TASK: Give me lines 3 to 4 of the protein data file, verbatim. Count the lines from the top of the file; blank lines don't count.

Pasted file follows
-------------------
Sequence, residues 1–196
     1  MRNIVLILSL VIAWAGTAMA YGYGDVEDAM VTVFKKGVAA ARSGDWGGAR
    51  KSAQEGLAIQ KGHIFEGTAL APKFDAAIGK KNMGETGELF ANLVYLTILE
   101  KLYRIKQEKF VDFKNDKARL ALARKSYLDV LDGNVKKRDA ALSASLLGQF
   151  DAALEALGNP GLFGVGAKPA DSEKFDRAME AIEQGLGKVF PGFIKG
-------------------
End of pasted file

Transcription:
    51  KSAQEGLAIQ KGHIFEGTAL APKFDAAIGK KNMGETGELF ANLVYLTILE
   101  KLYRIKQEKF VDFKNDKARL ALARKSYLDV LDGNVKKRDA ALSASLLGQF